Shaft utilizes father-son dynamic for laughs to overcome
convoluted story and character’s social shortcomings
WATCH THE TRAILER(S) HERE:
Now, 20 years later, John Shaft Jr. – JJ (Jessie T. Usher) for short – is making his own way in the world as a data analyst at the FBI. A graduate of MIT, JJ is good with his hands, even if his sense of style and personality are not traditional in terms of the male Shaft family name. Then JJ’s best friend Karim (Avan Jogia) get killed.
Looking for answers with his other best friend Sasha (Alexandra Shipp), JJ ultimately decides to turn to help from the one person least likely to give it to him: his dad. As you might expect, a two decade gap in his child’s life leads to some serious daddy issues .. But once father and son learn the ins and outs of the case, it might be time for a family reunion if they are going to survive and get to the truth about what happened to Karim.
Then again, there isn’t too much to worry about moving forward as the plot is pretty much standard action movie fare (someone dies, the simplest answer is too simple and there’s a bigger conspiracy afoot). This is why Jackson’s full-on Sam Jax mode performance coupled with Usher’s fish out of water routine are so critical to the film’s overall entertainment level. Throw in a soundtrack that may make longstanding fans of African-American cinema wish for the days of the 1990s when every hit urban film came with a classic album to boot and Shaft makes up for its shortcomings well-enough to give the people what they want: Samuel Jackson cursing and taking names like no one else can, Hall giving it back to him and enough laughs to go around. It’s far from perfect, but it will please the majority of modern audiences here for a good time (even if it’s not really a great movie as much as it is an okay one).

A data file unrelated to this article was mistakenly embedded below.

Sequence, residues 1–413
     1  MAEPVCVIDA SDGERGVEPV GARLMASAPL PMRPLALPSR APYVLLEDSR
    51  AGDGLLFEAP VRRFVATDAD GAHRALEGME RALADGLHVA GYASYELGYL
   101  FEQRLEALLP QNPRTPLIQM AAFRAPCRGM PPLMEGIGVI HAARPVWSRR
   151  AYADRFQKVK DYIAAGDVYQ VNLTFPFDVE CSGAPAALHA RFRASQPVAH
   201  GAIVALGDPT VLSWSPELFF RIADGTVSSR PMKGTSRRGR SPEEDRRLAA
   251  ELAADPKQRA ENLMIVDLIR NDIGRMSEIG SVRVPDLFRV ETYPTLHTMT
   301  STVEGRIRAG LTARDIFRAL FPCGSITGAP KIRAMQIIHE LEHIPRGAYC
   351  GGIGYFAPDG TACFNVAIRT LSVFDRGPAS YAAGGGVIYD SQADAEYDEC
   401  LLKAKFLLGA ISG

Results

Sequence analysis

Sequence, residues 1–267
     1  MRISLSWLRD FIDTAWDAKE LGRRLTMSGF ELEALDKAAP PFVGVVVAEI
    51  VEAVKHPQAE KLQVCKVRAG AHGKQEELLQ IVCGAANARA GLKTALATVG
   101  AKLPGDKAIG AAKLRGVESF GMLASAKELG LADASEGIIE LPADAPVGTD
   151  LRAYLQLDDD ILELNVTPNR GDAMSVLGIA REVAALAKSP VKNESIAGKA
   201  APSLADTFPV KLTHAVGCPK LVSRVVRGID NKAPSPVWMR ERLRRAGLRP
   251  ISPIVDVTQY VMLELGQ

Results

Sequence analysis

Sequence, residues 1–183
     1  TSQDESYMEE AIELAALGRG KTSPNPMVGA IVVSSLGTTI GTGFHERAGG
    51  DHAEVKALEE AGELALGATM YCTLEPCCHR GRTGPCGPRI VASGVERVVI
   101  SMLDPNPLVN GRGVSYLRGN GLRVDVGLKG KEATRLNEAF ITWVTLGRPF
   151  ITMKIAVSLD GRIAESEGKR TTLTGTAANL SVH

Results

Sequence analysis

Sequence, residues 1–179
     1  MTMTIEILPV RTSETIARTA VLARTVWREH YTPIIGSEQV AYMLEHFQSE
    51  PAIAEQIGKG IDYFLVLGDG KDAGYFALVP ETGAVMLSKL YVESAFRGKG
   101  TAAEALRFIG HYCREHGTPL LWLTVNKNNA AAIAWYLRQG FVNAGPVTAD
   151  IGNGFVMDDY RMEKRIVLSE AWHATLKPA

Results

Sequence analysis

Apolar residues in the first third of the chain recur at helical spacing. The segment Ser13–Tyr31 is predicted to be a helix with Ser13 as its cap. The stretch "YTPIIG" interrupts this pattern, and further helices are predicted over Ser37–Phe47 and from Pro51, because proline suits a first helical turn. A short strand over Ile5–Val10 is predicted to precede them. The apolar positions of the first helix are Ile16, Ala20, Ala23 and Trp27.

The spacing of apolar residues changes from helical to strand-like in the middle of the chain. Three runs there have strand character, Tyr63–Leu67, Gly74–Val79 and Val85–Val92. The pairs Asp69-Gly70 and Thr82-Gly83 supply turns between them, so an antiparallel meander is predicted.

As the theme song said so many moons ago, you’ll probably be better off just shutting your mouth and accepting it for what it is instead of thinking about what it could have been or should be.